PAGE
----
Recent stats from Nielsen Media Data show that much of the on-premise sales growth for cocktails and spirits is happening at restaurants, not cocktail bars and other dedicated drinking establishments. So shouldn’t restaurants be putting the same amount of energy into refining their bar programs as they do their food menus?

Some feel that it’s simply not worth it, as diners are more prone to play it safe and order a classic cocktail at a restaurant rather than rolling the dice on an in-house creation. However, most would argue that there’s an incongruence between taking massive pride in a curated food menu while simultaneously letting the drinks become an afterthought. After all, customers don’t necessarily want to go to one place for drinks and then another for food. Just like how we’ve seen wine bars expand their food options beyond tin fish and bowls of mixed olives, restaurants with robust cocktail programs are dishing up convenience, providing one-stop shops for both memorable food and drinks.

At the same time, however, there is this long-standing idea that people don’t take restaurant cocktails seriously. The general belief has been that a restaurant bartender isn’t going to have the same prowess as one behind the stick at a bonafide cocktail bar, but as the tides of the industry shift, talent crossover between bar programs is becoming more prevalent, disproving such assumptions.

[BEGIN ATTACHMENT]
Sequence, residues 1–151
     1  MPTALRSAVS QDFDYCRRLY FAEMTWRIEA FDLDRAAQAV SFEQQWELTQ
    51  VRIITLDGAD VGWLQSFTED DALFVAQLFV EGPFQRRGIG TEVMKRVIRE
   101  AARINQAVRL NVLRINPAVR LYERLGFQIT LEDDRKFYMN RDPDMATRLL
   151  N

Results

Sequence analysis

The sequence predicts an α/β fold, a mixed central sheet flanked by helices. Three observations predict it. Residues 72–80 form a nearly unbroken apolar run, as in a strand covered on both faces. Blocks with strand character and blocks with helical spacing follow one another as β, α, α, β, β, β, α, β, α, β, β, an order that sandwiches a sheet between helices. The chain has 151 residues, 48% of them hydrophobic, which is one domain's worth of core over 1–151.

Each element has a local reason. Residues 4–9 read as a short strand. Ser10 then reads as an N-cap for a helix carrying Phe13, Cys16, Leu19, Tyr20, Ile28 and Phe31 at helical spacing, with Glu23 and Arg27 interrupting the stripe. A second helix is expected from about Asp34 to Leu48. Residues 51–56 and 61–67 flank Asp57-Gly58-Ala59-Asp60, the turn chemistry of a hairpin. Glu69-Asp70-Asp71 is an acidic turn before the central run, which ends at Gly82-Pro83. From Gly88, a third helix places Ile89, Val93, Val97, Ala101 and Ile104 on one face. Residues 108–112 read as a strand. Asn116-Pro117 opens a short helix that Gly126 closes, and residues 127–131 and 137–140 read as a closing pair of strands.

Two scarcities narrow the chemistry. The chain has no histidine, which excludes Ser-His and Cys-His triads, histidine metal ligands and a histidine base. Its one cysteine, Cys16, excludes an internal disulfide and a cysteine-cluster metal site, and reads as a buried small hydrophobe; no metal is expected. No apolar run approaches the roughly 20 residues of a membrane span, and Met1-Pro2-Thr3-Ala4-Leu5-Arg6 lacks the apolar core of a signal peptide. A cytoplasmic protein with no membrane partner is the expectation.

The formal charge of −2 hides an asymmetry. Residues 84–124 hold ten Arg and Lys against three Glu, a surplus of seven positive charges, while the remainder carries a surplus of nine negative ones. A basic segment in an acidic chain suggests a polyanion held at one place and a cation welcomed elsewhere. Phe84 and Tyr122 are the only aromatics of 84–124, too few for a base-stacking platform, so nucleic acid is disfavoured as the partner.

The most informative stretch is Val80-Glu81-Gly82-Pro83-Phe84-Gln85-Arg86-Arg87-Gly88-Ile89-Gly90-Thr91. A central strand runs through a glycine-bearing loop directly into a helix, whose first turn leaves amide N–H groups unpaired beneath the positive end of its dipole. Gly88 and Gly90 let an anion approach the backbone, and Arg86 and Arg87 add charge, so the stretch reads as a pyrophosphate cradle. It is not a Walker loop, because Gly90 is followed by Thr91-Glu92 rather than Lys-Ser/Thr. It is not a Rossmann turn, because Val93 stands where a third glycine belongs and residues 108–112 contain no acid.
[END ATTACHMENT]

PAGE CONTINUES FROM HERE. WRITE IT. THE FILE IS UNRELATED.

On this episode of the “VinePair Podcast,” Adam, Joanna, and Zach dissect the Nielsen data and consider what it means for the industry at large. What does this say about cocktail drinkers, and how can restaurants and bars adjust? Tune in for more.

Zach is drinking: Fresh Hop Frenz from Bale Breaker Brewing Co. and Russian River Brewing Co.

Joanna is drinking: Penicillin

Adam is drinking: Transmitter Brewing NY1 Rye Saison

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